Learn All About Adélie Penguins

The Adélie penguin might be small in size, but it’s mighty in spirit.

This penguin doesn’t take anything from any animal, even if it is bigger. It can hold its own on the Antarctic coast.

What You Should Know

Adélie penguins live among the entire Antarctic coast and are also found on the neighboring small islands. They feed on small aquatic creatures. Some of their favorite foods include shrimp-like krill, squid and fish. They will dive more than 500 feet in search of the food they want but typically stick to the shallower waters.

Adélies are efficient swimmers, just like most other penguin species. They will travel nearly 200 miles round-trip if they are hunting food.

What Sound Do They Make?

Adélie penguins will quarrel with one another. A chick’s calls are short and high pitched while the adult’s calls last longer and have a deeper tone.  You can listen to its adorable sound with this YouTube video.

Group Characteristics

Scientists studying the Adélie know a lot about the warm-weather behavior because that’s when they breed. During winter, they spend most of their time at sea in the ice and it’s often difficult to track their routes. On the penguins that have been followed, it’s notable that some travel over 700 miles from their breeding site.

During the spring season, they move to the rocky coastline and live in large colonies. These groups often include thousands of birds. They build a nest and line it with stones. Despite their waddle, they can walk long distances. Sometimes, they have to walk over 30 miles to reach the open water from their nest.

The male Adélie works with its mate to raise the young. The female lays two eggs and then both parents swap chances to sit on the eggs and keep them warm. Once the small penguins are born, it takes about three weeks before the parents will venture off without them. Still, the offspring stick close to the group for protection. After nine weeks, these young penguins can swim on their own.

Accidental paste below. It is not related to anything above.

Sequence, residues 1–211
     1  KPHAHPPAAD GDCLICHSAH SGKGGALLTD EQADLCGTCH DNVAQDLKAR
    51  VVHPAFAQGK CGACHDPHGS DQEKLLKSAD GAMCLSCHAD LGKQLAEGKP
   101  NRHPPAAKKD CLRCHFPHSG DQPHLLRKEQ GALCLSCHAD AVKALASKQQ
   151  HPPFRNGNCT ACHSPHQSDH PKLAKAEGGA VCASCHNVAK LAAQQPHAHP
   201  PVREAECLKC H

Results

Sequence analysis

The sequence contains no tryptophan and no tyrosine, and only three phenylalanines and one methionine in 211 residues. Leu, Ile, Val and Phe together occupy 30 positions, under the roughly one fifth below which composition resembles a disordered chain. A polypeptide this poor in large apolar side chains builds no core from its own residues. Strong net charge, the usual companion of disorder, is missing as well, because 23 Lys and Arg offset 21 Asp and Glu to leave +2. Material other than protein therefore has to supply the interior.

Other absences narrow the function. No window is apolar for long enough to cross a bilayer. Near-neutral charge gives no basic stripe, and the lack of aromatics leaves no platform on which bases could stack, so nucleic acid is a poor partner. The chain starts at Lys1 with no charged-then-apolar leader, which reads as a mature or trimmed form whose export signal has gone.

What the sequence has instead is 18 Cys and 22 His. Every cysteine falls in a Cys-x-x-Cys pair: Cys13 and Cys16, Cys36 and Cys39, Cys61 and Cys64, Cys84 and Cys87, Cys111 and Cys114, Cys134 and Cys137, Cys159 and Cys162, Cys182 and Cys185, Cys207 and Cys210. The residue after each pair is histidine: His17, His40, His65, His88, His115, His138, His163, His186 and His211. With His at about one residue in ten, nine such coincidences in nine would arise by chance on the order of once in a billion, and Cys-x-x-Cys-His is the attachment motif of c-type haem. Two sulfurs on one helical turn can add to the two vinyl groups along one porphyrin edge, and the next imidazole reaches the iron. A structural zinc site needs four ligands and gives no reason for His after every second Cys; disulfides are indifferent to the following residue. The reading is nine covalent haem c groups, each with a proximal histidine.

The Adélie is the tiniest type of penguin in the Antarctic, but don’t let the small size fool you. They are known to be extremely combative. In fact, they slap researchers, seals and the larger seabirds with their flippers.

How Many are There?

Current estimates point to about 10 million Adélie, which is higher than it was before. Still, scientists continue to warn that the population is at risk due to climate change.

Adélie penguins find themselves as prey to many larger creatures. Some of their biggest nemeses are sea birds, killer whales, seals and orcas.

Watch a Video

In our first video, we get a glimpse of the Adélie penguins from National Geographic.

The second one shows what happens when one of these small creatures attacks an Emperor chick.

Pop Culture

The Adélie penguins have been showcased in more movies than you might realize. Most recently, they were the star of DisneyNature’s Penguins. It’s also interesting that this species is used as the lead stars of the Penguins of Madagascar despite the fact that they don’t live in Africa. In the feature film Happy Feet, we find three varieties of penguin: Emperor, Rockhopper and Adélie.

Interesting Facts

Adélie penguins got their name from a French Antarctic explorer named Jules Dumont d’Urville. When he discovered the birds back in 1840, he wanted to honor his wife, Adéle. Its scientific name is Pygoscelis adeliae which stands for rump-legged or brush-tailed penguins.

In total, there are 18 species of penguins worldwide, but only two calls Antarctica their home. The two species that both live and breed in this region are the Emperor and Adélie penguin.